Attorneys from a civil rights group slammed on Wednesday Israel's lack of legal provision to prosecute people caught making Nazi salutes in public.
The 'Nazi' or 'Hitler' salute, made by raising and straightening the right arm, was used in 1930s Germany as a form of greeting and sign of allegiance to Nazi Party leader Adolf Hitler. Today, modified salutes are used by Neo-Nazis including as an anti-Semitic gesture.
The Legal Forum for the Land of Israel asked the State Attorney's Office to prosecute activists it says were photographed making Nazi salutes during a human rights march in Tel Aviv in December.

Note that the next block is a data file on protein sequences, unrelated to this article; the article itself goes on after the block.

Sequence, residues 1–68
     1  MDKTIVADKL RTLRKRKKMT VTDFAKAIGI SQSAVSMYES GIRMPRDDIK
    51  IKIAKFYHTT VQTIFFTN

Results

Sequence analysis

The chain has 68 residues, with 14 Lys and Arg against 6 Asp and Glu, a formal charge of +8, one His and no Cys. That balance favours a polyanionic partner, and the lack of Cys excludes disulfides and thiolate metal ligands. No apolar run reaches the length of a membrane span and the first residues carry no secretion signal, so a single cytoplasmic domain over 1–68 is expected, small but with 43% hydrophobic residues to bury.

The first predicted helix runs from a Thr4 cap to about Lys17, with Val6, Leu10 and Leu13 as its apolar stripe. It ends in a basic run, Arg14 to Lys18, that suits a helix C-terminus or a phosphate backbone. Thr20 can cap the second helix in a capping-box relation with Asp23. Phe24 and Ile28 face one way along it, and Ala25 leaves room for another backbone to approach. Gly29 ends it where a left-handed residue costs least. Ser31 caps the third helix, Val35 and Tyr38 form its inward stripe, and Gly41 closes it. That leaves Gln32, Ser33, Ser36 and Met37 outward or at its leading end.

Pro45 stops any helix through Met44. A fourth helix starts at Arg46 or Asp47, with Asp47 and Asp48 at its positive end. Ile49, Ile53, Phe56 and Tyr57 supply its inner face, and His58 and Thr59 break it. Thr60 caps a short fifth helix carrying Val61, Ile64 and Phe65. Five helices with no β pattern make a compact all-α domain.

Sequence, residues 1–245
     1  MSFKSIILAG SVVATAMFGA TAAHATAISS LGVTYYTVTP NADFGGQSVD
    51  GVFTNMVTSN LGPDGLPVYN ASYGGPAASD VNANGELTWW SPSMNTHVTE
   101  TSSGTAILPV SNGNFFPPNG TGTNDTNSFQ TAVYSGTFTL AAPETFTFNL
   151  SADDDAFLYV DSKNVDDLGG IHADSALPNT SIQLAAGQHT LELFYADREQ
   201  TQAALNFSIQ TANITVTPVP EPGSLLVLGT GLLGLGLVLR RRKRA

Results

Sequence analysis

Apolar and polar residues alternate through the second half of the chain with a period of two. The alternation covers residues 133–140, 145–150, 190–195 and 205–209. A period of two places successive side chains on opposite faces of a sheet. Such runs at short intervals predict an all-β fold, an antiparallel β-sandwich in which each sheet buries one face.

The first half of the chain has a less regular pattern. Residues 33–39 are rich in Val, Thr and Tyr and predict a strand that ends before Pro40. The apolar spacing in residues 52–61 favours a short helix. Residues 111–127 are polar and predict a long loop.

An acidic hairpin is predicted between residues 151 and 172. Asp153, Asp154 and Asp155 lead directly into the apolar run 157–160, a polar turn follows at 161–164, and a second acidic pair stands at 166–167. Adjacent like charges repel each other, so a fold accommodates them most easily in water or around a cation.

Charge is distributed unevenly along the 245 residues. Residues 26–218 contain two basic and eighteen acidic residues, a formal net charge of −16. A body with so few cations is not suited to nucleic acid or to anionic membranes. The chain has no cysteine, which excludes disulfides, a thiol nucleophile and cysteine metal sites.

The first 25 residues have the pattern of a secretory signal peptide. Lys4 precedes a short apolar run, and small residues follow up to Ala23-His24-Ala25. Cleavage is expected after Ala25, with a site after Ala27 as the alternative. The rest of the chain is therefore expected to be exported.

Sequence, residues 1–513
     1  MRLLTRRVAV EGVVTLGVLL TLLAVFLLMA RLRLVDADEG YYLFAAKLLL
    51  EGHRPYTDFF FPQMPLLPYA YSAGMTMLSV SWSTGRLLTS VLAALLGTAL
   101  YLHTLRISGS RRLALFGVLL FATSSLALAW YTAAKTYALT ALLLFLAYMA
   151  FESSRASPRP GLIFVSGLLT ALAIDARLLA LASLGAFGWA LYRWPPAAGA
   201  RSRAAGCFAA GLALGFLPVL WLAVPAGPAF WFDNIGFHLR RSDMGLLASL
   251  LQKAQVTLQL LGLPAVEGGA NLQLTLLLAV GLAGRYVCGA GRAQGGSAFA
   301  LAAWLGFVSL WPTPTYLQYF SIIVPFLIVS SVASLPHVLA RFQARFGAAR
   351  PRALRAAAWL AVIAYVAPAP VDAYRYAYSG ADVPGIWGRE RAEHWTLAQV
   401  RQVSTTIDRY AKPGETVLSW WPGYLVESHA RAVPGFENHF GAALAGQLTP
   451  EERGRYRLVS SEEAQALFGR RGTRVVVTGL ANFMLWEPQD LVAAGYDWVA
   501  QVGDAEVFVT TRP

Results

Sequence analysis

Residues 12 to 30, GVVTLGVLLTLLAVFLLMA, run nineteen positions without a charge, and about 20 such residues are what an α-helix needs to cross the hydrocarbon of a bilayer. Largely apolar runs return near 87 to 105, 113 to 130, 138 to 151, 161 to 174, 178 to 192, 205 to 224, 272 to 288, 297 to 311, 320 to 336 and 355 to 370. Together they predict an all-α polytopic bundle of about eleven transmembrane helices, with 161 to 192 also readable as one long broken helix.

However, in response, attorney Dan Eldad, a senior manager in the State Attorney's Office Special Assignments Division, said that under current legislation, it is not possible to criminally prosecute people for making Nazi salutes.
"This is despite the deep revulsion we all feel towards this behavior," Eldad added.
Attorney Hila Cohen of the Legal Forum for the Land of Israel said on Wednesday that the situation was "a legal and moral perversity that demands a change in the law."
"It is unbelievable that as anti-Semitism flourishes around the world, Israel's law enforcement system is unable to deal with those who make Nazi salutes, and thus say they wish to be like Nazis," she added.
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